Vatican City — After thousands of runners completed the first ever "multireligious" half-marathon in Rome, Pope Francis praised the initiative, which was sponsored by the Pontifical Council for Culture.
"I greet participants in the 'Via Pacis' athletic race, which passed places of worship of the different religious faiths present in Rome," the pope said Sept. 17. "I hope that this cultural and athletic initiative fosters dialogue, coexistence and peace," he told gathered for the Angelus prayer in St. Peter's Square, which was near the end of the 13-mile (21 km) course.
Some 2,000 people took part in the half-marathon and almost 4,000 people signed up for the 5k "fun run," according to Msgr. Melchor Sanchez de Toca y Alameda, undersecretary of pontifical council and head of the office's section on sport.
Priests, nuns, the differently abled, refugees and parents pushing kids in strollers were just some of those who took part in the events. Some 200 members of Rome's grand mosque participated, as well as members of the Jewish, Buddhist, Hindu and Bahai communities, Sanchez told SIR, the Italian bishops' news agency.
About 20 Vatican employees, dubbed "the pope's marathoners," also took part, with one member of the Swiss Guard completing the half-marathon with an impressive time of 1 hour, 20 minutes, he said.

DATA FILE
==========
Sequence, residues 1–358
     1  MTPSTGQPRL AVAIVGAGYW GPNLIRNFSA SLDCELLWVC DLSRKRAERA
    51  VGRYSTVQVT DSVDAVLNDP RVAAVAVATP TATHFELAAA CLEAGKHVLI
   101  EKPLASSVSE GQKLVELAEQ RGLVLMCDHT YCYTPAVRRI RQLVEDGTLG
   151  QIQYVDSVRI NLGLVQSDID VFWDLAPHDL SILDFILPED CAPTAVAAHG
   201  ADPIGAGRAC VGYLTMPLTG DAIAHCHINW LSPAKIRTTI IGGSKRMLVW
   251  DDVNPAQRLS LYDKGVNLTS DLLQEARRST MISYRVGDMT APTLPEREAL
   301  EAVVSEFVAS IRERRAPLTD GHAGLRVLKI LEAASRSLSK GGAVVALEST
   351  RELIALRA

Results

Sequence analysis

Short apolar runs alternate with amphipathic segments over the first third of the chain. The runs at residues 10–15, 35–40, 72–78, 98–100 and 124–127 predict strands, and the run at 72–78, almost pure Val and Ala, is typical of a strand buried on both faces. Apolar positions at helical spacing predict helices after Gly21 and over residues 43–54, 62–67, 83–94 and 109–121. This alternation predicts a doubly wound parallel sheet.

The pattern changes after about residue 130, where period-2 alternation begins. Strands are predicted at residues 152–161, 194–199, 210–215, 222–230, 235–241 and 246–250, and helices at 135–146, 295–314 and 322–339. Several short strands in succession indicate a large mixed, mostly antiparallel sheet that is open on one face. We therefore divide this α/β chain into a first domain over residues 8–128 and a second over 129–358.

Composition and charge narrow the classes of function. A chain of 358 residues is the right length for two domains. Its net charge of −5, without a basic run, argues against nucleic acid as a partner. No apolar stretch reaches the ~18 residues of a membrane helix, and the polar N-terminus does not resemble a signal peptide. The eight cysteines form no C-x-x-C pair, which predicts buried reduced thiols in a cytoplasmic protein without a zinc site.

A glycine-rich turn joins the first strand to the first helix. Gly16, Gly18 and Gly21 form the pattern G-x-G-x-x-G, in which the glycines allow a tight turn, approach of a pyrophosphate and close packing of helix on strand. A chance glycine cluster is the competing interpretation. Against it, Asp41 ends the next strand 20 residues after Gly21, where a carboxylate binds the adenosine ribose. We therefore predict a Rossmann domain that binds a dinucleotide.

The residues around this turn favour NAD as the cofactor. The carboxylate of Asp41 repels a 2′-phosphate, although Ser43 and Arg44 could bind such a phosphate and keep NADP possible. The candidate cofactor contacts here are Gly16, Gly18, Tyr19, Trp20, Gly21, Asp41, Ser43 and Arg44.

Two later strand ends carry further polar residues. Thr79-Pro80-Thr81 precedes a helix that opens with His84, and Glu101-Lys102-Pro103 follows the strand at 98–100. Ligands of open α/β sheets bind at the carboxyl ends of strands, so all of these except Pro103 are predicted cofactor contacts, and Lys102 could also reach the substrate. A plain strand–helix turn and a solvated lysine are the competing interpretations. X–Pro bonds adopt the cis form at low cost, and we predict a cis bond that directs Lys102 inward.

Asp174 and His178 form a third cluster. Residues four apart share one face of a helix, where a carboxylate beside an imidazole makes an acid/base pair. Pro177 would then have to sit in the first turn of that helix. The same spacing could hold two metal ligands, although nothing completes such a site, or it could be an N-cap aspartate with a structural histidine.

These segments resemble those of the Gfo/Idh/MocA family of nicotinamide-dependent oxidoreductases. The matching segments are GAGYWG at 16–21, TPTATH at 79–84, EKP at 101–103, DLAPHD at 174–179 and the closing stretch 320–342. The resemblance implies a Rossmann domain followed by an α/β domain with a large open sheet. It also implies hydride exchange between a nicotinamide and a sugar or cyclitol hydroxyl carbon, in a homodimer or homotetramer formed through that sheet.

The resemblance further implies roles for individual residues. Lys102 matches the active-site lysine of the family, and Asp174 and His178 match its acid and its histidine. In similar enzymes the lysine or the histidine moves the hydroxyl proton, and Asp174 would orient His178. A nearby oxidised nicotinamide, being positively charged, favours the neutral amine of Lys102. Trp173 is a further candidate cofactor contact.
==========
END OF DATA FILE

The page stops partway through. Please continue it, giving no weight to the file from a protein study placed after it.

The race started and ended near St. Peter's Square, where Pope Francis delivered his Sunday Angelus prayer and address at noon.
In his talk, the pope spoke about the day's Gospel reading (Mt 18:21-35) in which Jesus tells Peter that Christians must always, sincerely forgive whoever wrongs them, even if "doing so twice already seems like too much for us."
In his infinite love and mercy, God always waits — even for the smallest sign of remorse — and forgives his children, the pope said.
Because God forgives even the "crippling debt" of original sin with baptism, all Christians should be able to forgive all the lesser slights, offenses and sins against them, he said.
"Whoever has experienced the joy, peace and inner freedom that come with being forgiven can open themselves to the possibility of forgiving in turn," he said.
"The heavenly father — our father — is full, full of love and wants to offer it to us," the pope said, "but he can't if we close our hearts to love for others."